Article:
D&D 3rd edition[edit | edit source]

The longbow and composite longbow appeared in the Player's Handbook (3e){{UnknownBook}} and Player's Handbook (3.5) (2003). It is a popular ranged weapon due to its good damage (1d8) and fast reload time compared to the crossbow.

D&D 4th edition[edit | edit source]

The longbow appeared in the Player's Handbook (4e) (2008), where it is depicted on page 217. It is popular as it deals 1d10 damage and can load as a free action, unlike the crossbow. The composite longbow did not appear in this book.

D&D 5th edition[edit | edit source]

The longbow and composite longbow appeared in the Player's Handbook (5e) (2014).

Creative origins[edit | edit source]

The longbow is a weapon used by humans throughout history for warfare and hunting.

The oldest known real-world longbow dates back to around 3,300 BC, where an unfinished yew bow was found with the preserved mummy of a neolithic human nicknamed Ötzi the Iceman, discovered in the Alps in 1991. This bow was around 182cm or six feet long.[13]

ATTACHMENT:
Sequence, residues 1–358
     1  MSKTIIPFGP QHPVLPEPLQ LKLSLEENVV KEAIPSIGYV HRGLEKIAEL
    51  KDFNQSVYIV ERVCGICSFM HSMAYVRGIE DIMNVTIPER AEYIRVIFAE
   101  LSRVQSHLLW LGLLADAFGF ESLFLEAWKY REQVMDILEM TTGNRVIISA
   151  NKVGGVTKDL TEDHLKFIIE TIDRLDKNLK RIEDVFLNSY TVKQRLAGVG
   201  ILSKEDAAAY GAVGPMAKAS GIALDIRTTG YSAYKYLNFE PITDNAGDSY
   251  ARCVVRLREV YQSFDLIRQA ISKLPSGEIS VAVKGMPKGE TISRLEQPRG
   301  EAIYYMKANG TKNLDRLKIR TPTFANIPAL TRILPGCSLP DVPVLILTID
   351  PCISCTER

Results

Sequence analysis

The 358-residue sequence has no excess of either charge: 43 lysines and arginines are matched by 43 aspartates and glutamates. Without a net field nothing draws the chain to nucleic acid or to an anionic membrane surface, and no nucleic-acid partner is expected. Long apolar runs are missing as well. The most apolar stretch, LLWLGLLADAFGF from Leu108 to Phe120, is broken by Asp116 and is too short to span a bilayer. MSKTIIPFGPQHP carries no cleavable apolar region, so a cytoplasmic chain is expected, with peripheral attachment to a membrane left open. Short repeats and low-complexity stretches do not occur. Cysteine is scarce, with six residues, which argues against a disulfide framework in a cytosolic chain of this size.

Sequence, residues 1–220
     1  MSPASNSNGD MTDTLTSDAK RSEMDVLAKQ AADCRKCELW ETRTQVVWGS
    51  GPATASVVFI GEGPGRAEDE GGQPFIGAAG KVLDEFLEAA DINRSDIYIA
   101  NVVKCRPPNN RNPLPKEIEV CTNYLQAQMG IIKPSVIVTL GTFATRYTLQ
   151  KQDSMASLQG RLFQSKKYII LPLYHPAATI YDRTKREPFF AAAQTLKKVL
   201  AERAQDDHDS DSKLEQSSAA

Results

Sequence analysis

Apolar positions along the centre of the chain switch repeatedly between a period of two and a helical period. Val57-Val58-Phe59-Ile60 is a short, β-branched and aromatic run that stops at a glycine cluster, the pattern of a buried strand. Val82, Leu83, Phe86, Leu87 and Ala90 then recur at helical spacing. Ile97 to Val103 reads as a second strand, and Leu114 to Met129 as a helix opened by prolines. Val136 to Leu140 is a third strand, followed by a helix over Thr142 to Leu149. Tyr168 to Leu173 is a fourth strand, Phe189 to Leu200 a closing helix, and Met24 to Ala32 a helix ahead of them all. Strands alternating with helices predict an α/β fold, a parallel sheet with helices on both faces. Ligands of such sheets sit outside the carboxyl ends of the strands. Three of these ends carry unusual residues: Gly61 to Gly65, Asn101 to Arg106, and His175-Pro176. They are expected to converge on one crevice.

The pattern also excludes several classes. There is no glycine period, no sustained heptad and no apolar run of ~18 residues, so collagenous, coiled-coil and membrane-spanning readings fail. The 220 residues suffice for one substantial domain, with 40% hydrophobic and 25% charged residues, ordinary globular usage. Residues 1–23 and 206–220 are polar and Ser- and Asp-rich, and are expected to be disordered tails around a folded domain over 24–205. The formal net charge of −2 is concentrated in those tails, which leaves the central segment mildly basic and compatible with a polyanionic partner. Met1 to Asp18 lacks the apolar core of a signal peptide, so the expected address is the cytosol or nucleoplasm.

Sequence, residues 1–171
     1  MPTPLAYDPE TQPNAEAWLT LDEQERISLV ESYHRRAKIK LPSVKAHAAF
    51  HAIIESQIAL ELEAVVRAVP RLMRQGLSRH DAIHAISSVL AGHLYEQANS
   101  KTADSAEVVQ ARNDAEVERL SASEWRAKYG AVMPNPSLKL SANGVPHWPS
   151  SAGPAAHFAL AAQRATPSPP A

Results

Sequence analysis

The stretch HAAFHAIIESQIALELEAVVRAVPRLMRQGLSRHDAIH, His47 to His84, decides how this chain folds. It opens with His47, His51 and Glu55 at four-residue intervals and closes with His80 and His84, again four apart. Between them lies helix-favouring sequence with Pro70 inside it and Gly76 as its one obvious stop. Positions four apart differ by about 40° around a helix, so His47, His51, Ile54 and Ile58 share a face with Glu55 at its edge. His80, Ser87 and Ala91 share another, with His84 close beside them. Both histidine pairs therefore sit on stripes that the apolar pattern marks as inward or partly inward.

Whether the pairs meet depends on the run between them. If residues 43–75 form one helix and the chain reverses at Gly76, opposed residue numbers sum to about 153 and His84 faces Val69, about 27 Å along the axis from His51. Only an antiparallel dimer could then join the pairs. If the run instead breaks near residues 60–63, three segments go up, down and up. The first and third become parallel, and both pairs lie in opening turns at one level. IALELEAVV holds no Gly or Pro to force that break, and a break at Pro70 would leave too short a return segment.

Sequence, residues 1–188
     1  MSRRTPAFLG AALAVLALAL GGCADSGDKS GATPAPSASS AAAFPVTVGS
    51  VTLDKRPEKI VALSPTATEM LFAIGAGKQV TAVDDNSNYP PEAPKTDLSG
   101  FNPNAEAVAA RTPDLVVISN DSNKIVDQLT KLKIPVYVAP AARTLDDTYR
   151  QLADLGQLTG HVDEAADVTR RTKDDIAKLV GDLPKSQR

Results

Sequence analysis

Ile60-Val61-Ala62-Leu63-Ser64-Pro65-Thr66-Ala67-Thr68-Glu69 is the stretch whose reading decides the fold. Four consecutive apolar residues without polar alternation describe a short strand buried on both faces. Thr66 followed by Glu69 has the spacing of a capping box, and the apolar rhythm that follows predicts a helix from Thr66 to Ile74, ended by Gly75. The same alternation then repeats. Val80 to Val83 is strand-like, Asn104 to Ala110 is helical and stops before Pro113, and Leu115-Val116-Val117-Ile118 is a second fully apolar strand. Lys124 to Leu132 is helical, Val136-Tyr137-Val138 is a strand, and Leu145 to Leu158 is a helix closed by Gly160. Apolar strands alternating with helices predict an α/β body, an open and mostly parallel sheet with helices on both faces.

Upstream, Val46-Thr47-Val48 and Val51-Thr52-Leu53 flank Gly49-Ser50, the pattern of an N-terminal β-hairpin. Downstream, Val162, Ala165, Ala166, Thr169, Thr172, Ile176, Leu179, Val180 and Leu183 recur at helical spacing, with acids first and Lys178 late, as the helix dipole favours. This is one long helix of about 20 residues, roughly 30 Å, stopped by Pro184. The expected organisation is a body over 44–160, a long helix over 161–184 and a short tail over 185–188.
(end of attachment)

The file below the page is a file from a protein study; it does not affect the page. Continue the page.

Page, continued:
Reception and influence[edit | edit source]

In 2019, former TSR editor Tim Kask argued that a dwarf should not be able to use a longbow, due to the dwarf's short height. A rule to this is reflected in the Players Handbook (1e) (1978), p.19, which forbids characters of below 5 feet in height from using the longbow, even if their character class is normally proficient.

References[edit | edit source]

  1. Player's Handbook (3.5) (2003), p.71.
  2. 2.0 2.1 2.2 Player's Option: Skills & Powers (1995), p.96.
  3. Rules Cyclopedia (1991), p.64.
  4. 4.0 4.1 Player's Handbook (2e revised) (1995), p.80.
  5. 5.0 5.1 Player's Handbook (5e) (2014), p.149-150.
  6. Players Handbook (1e) (1978), p.39.
  7. Players Handbook (1e) (1978), p.19.
  8. Player's Handbook (5e) (2014), p.23-24.
  9. Sword and Fist (2001), p.32.
  10. Dungeon Master Guide (2e revised) (1995), p.147-149.
  11. Player's Handbook (3.5) (2003), p.119-120.
  12. Complete Warrior (2003), p.156.
  13. Ötzi’s cord is world’s oldest bowstring, The History Blog, 2019.